Maple Breakfast Sausage Link General Questions
I am planning on making some Maple Breakfast Sausage Links next weekend and have a few questions:
I read some of the reviews for the Maple Breakfast Sausage that said that there was maple flavoring but that it was not very pronounced and also not very sweet. I would like a little bit of sweetness and a good maple flavor to my sausage. So, what would you recommend and how much extra ingredients for an added maple flavor/sweetener? Maple Syrup? Brown Sugar? If so how much? I understand that this is a subjective question, so just general recommended amounts are all that I am looking for.
Are there any other optional ingredients that you would suggest?
What is the recommended casing and size for traditional breakfast sausage links? It appears that the 21MM Fresh Collagen casings are the recommended casings for a traditional breakfast sausage link? Are these the right ones?
@NDKoze Yes, 21mm fresh would be the best casing to use for a traditional breakfast sausage. Maple is usually experienced more as a scent than a taste so you will sometimes have an issue where the taste is not as strong as you would wish. Because you want the maple to stand out as much as possible I would not use brown sugar as it has a flavor that will counteract the maple a little. I think your best bet is to add maple syrup or maple sugar. As for usage yes it is subjective so I would try a smaller than 25 lb batch for your first try. I’d begin using 2.5 oz of maple syrup for 5 lb of meat and see where you can go from there. If that ups the maple but you still want more sweetness I would look at adding some dextrose or regular sugar. Good luck and let us know if you need anything else!
Thanks for the reply. I will give it a shot next weekend and respond with my results.
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@Jonathon Does Excalibur make a seasoning for maple breakfast sausage?
Yes they do. It is hyperlinked in my original post.
I am going to be making my first batch tomorrow night. So hopefully it turns out well.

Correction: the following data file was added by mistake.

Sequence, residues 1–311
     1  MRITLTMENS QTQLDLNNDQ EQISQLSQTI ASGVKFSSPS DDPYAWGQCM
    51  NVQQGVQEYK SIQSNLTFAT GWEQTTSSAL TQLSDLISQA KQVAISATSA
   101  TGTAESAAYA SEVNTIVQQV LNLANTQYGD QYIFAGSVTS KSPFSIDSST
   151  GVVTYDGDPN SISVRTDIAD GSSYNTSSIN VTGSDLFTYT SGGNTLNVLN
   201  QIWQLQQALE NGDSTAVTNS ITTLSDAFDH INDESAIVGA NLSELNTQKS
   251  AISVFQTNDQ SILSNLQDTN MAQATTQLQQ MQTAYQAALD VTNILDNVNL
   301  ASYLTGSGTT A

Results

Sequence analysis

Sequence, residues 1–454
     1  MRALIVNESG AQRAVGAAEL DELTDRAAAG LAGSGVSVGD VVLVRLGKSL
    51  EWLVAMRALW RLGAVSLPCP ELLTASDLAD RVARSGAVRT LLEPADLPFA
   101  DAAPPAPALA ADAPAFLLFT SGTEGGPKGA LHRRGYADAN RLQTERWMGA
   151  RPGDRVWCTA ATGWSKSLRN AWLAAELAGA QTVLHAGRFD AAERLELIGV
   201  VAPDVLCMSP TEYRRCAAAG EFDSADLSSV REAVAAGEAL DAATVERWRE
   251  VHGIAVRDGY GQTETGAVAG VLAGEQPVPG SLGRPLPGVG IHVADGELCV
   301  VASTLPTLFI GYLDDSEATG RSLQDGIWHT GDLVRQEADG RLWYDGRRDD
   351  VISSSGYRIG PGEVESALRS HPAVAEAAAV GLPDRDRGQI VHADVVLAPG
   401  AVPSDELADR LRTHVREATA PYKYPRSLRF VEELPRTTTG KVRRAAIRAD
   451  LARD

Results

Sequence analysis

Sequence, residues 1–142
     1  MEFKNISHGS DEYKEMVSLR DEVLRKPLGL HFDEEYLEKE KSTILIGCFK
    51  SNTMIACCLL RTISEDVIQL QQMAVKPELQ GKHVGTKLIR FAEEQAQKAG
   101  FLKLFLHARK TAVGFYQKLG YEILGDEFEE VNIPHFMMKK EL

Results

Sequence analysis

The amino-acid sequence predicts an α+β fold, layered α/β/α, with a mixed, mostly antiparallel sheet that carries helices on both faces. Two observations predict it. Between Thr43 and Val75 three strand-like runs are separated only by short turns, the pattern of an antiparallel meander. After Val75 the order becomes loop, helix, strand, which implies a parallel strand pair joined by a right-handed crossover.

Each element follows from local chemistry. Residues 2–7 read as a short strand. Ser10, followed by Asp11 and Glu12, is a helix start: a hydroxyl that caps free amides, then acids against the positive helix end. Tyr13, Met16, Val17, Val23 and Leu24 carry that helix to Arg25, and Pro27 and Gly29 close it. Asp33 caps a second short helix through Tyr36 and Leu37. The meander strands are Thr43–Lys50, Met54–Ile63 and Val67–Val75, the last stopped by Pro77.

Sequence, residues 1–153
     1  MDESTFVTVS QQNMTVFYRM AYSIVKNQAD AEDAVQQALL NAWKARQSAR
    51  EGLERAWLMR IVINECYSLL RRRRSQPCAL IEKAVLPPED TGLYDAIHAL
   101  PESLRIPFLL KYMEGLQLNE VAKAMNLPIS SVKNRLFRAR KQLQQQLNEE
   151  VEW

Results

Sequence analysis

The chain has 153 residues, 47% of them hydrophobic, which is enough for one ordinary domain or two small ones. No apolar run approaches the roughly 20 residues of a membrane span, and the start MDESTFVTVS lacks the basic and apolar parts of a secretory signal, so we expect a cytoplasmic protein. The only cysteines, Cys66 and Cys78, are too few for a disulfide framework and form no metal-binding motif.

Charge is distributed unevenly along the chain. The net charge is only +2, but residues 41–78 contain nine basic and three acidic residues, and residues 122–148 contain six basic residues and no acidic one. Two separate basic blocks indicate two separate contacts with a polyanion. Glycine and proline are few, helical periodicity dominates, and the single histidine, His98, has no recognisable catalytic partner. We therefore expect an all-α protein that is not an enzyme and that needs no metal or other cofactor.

I have never used this recipe before, but have tried it from a local butcher who uses Excalibur seasonings and it was awesome!
New to the forum and excited to learn! Looking to smoke my first batch of summers on my smoker. I noticed they have strings for hanging, but my smoker is set up more like a traditional barrel grill.
Questions: If I lay my summers on the grate of the smoker, will the casings burst/burn?
Thanks in advance!
The article does not cover when to cold smoke a cured ham. I have 16 wild hog hams in brine as of last night. I need to know at what point do I put them in the smoke house for this phase of the process.
For this version of Landjaeger, we did actually cook it. It could be made differently, but for our entry level MeatgisticsU course, it’s easier and safer to give instructions on doing a proper thermal processing. (Someday we will have to try to get to doing a completely traditional dry cured version.)
Smoked Meat Stabilizer and Sodium Erythorbate are similar to each other, but definitely not a replacement for a real cure, like Sure Cure. They simply act as cure accelerators, speeding up the conversion of nitrite in sausage during thermal processing. Using an accelerator (like one of these, or Encapsulated Citric Acid) allows you to skip the holding stage after stuffing and go straight into the smokehouse.
In the ‘Meat Block’ you don’t list using a cure. The packet of Landjaeger seasoning I purchased came with a packet of Cure.
As this is a sausage that is ment to be consumed without cooking shouldn’t a cure be used. I know you put in the wrap up about using Smoked Meat Stabilizer or Sodium Erythorbate are they equivalent to using a true cure.
You shouldn’t have a noticeable difference in stuffing based upon the difference of using a grinder or a bowl chopper.
Your biggest help in making stuffing easier will be using plenty of water. At least 1 quart per 25 lb meat block, but up to 2 quarts is even better. And, your lean to fat ratio will make a difference. Leaner meat will be harder to stuff while a higher fat content will make things easier. Keep the meat as cold as possible too and that will help make things a little easier to stuff as well.
I would continue to use the grinder and just add a little more water to the mixture and make sure you lube the gasket and you should be good to go. Although you could definitely use the Buffalo chopper and just add ice instead of straight water and that should help.